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  1. #1
    RoadBikeReview Member
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    An epic battle: Pacenti SL23 vs. cyclist armed with tire jack and New Mich Pro4

    I put a used Michelin Pro4 23mm on the front with some difficulty. I knew the new one for the rear was going to be tough. It took me over an hour with tire jack to coax the bead over the rim. Heaven help me if I flat.

    Fair warning: Those of you purchasing this rim may want to have 2 tire jacks available and another set of hands. I'll be curious to see how those who flat on the road fare changing tubes.

    The wheel is definitely sturdy. I'm confident it took more abuse tonight than it will get on the road for some time.

  2. #2
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    Sorry you had a hard time with the tire installation. With tubeless ready rims, it makes a huge difference to make sure the tire is in the recessed portion of the rim.
    Valley Cyclist Wheels www.valleycyclist.com
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  3. #3
    Big is relative
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    Put the tires out in the sun to warm them up before mounting. Your troubles are not new to those of us with campy wheels.
    Retired sailor

  4. #4
    Online Wheel Builder
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    Quote Originally Posted by valleycyclist View Post
    it makes a huge difference to make sure the tire is in the recessed portion of the rim.
    This.

  5. #5
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    Quote Originally Posted by VinPaysDoc View Post
    I put a used Michelin Pro4 23mm on the front with some difficulty. I knew the new one for the rear was going to be tough. It took me over an hour with tire jack to coax the bead over the rim. Heaven help me if I flat.

    Fair warning: Those of you purchasing this rim may want to have 2 tire jacks available and another set of hands. I'll be curious to see how those who flat on the road fare changing tubes.

    The wheel is definitely sturdy. I'm confident it took more abuse tonight than it will get on the road for some time.
    LOL, I had the same issue with the same tire in rim in a previous post.
    The tire came off much easier (result of a few pinch flats from the installation - I didn't give it an hour).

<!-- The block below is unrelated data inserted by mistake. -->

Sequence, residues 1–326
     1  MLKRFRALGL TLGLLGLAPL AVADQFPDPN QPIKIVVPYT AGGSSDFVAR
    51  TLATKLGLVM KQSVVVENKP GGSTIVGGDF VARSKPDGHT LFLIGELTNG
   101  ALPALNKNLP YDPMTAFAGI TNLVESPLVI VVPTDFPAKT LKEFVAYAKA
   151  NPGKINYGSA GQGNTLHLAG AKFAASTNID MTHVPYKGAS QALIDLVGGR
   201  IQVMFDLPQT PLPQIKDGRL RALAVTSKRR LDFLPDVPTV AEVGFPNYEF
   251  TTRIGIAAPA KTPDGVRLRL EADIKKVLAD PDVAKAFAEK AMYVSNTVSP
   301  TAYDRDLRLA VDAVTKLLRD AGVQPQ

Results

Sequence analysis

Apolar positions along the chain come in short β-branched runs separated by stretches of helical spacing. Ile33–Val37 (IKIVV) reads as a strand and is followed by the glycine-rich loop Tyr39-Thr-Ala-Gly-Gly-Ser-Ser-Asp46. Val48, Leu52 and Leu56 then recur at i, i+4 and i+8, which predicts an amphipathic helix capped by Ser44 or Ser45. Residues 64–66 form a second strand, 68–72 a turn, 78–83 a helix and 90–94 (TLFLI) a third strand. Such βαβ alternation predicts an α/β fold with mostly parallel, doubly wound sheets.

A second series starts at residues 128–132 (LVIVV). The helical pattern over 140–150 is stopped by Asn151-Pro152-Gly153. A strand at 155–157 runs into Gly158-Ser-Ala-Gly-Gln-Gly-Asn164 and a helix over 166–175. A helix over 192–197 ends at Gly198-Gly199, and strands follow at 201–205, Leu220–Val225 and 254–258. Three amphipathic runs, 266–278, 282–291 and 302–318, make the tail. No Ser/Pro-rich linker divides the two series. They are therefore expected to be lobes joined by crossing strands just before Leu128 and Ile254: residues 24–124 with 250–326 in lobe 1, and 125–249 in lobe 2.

The next set of tires will be warmed up and stretched, lesson learned.

  6. #6
    RoadBikeReview Member
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    Quote Originally Posted by valleycyclist View Post
    With tubeless ready rims, it makes a huge difference to make sure the tire is in the recessed portion of the rim.
    Unfortunately, it was. Perhaps the veloplugs took up some of that space? Hands are sore this morning.

  7. #7
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    Got a blow dryer out to warm up the remaining section of the tire that was stubborn. I'm just not sure the heat helps the kevlar bead much....

  8. #8
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    Suggest lubing the bead liberally with soapy water (or talc)

    For reference, in the case of tubeless tires the manual says "Fitting a Tubeless Tyre The rims must be lubricated (no oil or grease) all around the circumference to help the tyre slide when being fitted and, in particular, to ensure the tyre clips in and is correctly centered when pressure is increased."

    This is also helpful with tubed tires.
    ... 'cuz that's how I roll.

  9. #9
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    Quote Originally Posted by VinPaysDoc View Post
    Unfortunately, it was. Perhaps the veloplugs took up some of that space? Hands are sore this morning.
    Probably. They definitely didn't help. Try that Stan's tape....it's pretty thin.

  10. #10
    wheelbuilder
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    I have found that with tubeless rims that have a recessed channel, veloplugs make tire mounting more difficult than something thin like the Stan's yellow tape. That's what I install on all my rims. Velocity makes a tubeless tape as well, but I haven't tried it yet.

  11. #11
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    I posted this in another thread last year:

    I never had any problem mounting tires until I got my new Kinlin rims. They have a very shallow well, so when the bead is pushed to the center, there's not much slack to get the last section of bead over the rim edge.

    Even with no tube and just one bead mounted and down in the center, I can't slide the tire around on the rim to align the label with the valve hole. That's really tight!

    I had sore fingers and mangled levers when I mounted the tire the first time (and it wasn't a new tire). I wondered how I would change a flat out on the road.

    I have a good method now to easily mount the tire with just one lever. The key is to just lift an inch of bead at a time, then repeat. It's fast and easy.

    Here's a Picasa photo album showing the steps to remove and remount a tire.

    Do this:



    The shallow well makes it difficult to mount the tire (but it keeps a flat tire on the rim!)


    Levers with a flat back (to let the bead slide down to the end) and a rounded tip (to avoid pinching the tube) work the best. I use these Continental levers. Pedro levers are similar, and easy to find.

    Last edited by rm -rf; 03-20-2013 at 07:25 AM.

  12. #12
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    I've fitted 28mm Schwalbe and 25mm Vredestein tires on my SL23s, and neither required the aid of a tire lever. The fit was tighter than my H+Son Archetype rims, but not terrible.